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to our companies into our industry right and and so it's certainly not the case that all of our companies are going they're certainly not all going fully remote and we actually have quite a few companies that have actually elected to actually stay very office Centric um which is which is actually a very interesting counter programming thing that some people are doing now but you know generally speaking our companies were indicating that they were going to become more flexible and they were going to really start to spread out um and then the industry just felt like it was going to expand and we were seeing you know a lot of Founders who were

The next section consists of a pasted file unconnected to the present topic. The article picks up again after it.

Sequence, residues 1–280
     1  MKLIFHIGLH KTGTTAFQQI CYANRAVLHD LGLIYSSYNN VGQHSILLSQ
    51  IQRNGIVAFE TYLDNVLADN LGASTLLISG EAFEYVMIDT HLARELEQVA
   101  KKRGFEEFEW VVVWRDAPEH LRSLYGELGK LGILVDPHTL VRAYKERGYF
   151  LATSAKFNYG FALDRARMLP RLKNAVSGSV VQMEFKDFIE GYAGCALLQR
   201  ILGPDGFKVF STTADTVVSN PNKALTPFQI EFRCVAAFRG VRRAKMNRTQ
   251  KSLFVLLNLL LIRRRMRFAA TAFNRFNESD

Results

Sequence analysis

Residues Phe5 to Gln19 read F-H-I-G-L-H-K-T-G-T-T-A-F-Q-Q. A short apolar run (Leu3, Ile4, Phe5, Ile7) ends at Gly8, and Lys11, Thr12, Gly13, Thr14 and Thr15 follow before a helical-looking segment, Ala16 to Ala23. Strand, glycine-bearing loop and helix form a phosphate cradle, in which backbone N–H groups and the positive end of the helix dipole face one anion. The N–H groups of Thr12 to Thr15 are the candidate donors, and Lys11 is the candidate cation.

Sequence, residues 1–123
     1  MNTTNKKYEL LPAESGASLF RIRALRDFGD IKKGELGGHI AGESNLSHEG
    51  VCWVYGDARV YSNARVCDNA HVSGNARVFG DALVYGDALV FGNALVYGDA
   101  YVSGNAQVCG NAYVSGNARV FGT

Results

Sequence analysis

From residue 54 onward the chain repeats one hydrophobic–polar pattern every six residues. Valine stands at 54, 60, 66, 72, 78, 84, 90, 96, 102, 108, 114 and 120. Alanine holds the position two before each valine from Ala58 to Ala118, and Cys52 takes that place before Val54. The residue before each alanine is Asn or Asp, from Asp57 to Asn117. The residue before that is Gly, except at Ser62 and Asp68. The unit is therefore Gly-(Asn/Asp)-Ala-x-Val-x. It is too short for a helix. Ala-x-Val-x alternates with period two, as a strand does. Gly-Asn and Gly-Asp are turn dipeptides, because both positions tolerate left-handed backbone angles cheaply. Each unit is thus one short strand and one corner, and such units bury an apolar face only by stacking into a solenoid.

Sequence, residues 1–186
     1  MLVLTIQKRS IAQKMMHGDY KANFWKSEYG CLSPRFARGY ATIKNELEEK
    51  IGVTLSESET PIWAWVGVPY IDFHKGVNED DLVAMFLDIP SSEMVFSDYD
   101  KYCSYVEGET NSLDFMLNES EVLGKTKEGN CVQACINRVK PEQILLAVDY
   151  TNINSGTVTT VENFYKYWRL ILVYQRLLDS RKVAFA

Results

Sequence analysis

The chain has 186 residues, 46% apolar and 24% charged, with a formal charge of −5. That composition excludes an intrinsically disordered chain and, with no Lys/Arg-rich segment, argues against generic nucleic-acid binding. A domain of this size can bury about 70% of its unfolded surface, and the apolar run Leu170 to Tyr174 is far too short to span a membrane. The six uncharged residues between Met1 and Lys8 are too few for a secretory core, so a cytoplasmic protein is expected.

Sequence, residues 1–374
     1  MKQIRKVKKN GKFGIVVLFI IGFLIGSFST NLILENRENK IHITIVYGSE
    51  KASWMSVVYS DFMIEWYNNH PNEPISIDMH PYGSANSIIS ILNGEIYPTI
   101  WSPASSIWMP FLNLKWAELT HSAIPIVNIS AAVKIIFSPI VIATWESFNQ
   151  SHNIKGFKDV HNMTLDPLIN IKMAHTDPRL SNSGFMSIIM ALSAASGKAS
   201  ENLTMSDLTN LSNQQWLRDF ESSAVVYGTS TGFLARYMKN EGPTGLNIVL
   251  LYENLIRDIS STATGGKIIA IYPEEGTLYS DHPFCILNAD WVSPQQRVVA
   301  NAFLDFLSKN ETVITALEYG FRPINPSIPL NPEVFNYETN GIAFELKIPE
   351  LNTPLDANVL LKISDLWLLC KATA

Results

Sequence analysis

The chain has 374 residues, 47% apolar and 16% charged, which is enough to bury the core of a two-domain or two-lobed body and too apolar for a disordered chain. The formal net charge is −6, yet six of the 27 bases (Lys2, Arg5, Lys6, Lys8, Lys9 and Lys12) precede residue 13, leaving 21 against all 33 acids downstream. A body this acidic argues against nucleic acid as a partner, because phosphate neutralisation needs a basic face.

33:00-33:50

frustrated being in the Bay Area you know basically left over this period and they went to other places and they started companies and and so we basically decided like we can't be in the business of partnering with people who are building the future sure if we're not living in the future ourselves and so we basically said we'll just do a hard reset we'll become um you know sort of uh say remote Centric or sort of virtual Centric I just approved a request we converted we we still have our office because it's not a long-term lease uh we converted it to hoteling um and I just signed off yesterday um on converting my former office into the

33:50-34:01